Kashmir's hills alive with sound of Bollywood
In a sure sign that separatist violence is waning in Kashmir, Bollywood actors are once again being spotted singing, dancing and coyly flirting in the region's idyllic Himalayan countryside.
In 1964, the musical
Kashmir Ki Kali
inspired a thousand honeymoons with its shots of Shammi Kapoor trying to impress a girl with his trademark jerky dancing as they drift across a lake in separate gondolas, a chorus line floating in the background.
Dozens of other movies helped millions of Indians stuck in the sweltering plains to understand why Mughal emperors thought Kashmir was heaven on earth.
But a bloody uprising in the disputed region in 1989, claimed by both India and Pakistan, put an end to Bollywood's Kashmiri romance.
For years, the Alps of Switzerland served as a substitute paradise for al fresco song numbers. Partly as a result of this, Switzerland now routinely tops polls of the most popular holiday and honeymoon destination for Indians.
But the tide once again seems to be turning.
Only three movies were shot in Indian Kashmir between 1998 and 2003, according to tourism officials. But then India and Pakistan began to talk about peace.
Since 2004, at least four Hindi-language films have been shot in the region, along with five movies from some of India's other regional-language film industries, say tourism officials.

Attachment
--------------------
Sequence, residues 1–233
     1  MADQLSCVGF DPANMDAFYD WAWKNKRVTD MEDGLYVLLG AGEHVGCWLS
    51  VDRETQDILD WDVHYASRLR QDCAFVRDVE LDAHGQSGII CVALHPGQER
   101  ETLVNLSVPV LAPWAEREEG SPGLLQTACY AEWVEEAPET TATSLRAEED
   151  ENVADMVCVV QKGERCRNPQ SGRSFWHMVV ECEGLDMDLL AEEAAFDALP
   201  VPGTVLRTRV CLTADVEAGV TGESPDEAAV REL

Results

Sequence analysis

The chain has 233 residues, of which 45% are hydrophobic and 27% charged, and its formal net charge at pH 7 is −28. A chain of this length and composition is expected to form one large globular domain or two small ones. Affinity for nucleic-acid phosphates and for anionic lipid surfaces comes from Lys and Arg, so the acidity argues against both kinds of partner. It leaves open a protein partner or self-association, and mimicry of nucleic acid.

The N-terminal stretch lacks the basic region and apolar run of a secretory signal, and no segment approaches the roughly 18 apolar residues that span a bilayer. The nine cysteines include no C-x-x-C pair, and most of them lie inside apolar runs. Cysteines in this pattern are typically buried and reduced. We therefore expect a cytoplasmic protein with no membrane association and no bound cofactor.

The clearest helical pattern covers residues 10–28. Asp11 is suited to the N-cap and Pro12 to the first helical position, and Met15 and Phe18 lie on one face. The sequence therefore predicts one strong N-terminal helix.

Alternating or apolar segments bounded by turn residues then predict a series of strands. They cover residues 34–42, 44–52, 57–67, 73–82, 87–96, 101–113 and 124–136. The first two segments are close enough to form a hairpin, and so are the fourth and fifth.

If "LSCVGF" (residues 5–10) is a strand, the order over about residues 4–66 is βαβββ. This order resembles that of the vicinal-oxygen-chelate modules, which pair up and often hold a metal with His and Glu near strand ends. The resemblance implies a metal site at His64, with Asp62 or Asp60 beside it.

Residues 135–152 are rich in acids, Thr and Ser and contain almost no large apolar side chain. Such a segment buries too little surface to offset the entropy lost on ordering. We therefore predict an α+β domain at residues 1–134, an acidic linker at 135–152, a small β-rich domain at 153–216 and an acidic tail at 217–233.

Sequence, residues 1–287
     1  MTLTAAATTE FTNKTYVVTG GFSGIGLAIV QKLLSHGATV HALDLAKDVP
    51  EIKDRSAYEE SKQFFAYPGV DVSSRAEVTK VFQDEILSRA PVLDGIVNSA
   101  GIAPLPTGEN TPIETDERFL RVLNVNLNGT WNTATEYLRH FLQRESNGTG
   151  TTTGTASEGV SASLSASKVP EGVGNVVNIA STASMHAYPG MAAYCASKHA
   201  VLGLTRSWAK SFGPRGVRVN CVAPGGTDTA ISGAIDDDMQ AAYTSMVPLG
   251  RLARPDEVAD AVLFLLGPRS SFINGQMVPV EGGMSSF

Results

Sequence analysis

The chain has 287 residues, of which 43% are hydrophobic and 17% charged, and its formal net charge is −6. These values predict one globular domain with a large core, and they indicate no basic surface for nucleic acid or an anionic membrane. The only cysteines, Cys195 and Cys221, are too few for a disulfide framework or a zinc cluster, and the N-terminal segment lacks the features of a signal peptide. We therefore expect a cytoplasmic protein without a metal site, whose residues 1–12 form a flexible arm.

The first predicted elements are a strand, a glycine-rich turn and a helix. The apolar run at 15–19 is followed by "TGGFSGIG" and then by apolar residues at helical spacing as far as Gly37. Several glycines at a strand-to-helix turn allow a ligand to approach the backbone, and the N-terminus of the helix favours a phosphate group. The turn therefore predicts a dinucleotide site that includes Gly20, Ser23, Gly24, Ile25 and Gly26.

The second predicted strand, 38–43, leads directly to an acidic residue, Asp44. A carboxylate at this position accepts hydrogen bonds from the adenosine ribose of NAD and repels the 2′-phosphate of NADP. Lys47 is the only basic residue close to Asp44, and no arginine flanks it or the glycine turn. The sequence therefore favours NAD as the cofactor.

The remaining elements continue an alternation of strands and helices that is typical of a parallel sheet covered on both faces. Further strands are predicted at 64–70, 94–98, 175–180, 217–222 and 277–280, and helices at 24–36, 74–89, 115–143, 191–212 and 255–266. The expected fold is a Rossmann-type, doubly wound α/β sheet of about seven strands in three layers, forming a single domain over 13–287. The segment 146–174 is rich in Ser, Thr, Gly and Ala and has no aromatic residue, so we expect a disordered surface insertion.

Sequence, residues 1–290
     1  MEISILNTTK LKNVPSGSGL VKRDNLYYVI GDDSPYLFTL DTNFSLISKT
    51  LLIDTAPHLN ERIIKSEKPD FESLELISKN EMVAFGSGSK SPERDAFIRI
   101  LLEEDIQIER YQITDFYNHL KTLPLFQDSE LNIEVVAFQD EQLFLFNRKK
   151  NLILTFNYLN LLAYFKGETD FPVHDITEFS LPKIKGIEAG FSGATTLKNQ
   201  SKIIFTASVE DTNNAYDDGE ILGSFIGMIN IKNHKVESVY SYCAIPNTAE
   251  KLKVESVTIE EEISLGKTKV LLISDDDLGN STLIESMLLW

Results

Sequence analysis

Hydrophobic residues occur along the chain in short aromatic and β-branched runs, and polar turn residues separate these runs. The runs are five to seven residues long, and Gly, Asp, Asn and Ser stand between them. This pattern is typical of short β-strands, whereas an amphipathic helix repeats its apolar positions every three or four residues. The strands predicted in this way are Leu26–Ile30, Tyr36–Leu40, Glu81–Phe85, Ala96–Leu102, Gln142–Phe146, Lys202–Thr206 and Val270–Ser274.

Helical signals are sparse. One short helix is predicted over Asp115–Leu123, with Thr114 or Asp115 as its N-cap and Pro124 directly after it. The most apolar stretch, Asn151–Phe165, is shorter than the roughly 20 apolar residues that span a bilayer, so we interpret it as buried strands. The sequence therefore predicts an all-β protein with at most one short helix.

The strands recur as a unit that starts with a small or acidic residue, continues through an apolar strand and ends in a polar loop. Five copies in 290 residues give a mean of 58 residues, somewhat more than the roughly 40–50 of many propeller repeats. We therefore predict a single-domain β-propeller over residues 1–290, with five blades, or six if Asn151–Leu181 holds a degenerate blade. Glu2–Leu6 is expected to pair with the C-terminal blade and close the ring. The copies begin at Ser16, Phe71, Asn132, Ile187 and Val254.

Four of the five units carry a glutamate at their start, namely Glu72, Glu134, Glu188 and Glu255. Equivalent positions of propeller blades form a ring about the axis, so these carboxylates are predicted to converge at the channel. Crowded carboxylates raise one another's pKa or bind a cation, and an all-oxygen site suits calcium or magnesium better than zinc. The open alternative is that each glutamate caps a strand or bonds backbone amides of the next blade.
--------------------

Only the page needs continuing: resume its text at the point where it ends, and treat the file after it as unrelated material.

Some of those films acknowledge that paradise is no longer so innocent. While
in 2005 included de rigeur scenes of lovers floating across lakes, it also dealt with the insurgency and relations between Hindus and Muslims.
Back into the valley
"If you're talking about Kashmir and its problems there are still a hundred films to be made," said Rahul Bose, an actor known for his serious roles outside the musical mainstream, although he doubted if Indian cinema was up to the task.
Bose shot a movie there last year and said it was a "fabulous experience", although he would not discuss the plot.
"I spoke to a lot of drivers, hotel workers, people at the sites where we were shooting in villages, and there seemed to be a common desire to get people back into the valley," he said by telephone.
Last year, tourist officials visited Mumbai, the country's film capital, to urge filmmakers to head to the valley, promising free access to locations and armed escorts.
They hope that where actors go, tourists will follow. Many Kashmiris, weary from years of firefights and bombs, were happy to see cameras roll once again in the troubled region.
"We are keeping fingers crossed -- one violent incident will spoil the whole tourist season and scare filmmakers again," said Manzoor Ahmad Shah, a hotelier.
Bose acknowledged that even if violence has waned from its peak, Kashmir remains a difficult place, with frequent gunbattles between Indian forces and separatist militants.
But he sees this as no reason to shun the Himalayan region. "You could die crossing the road in Bombay," he said.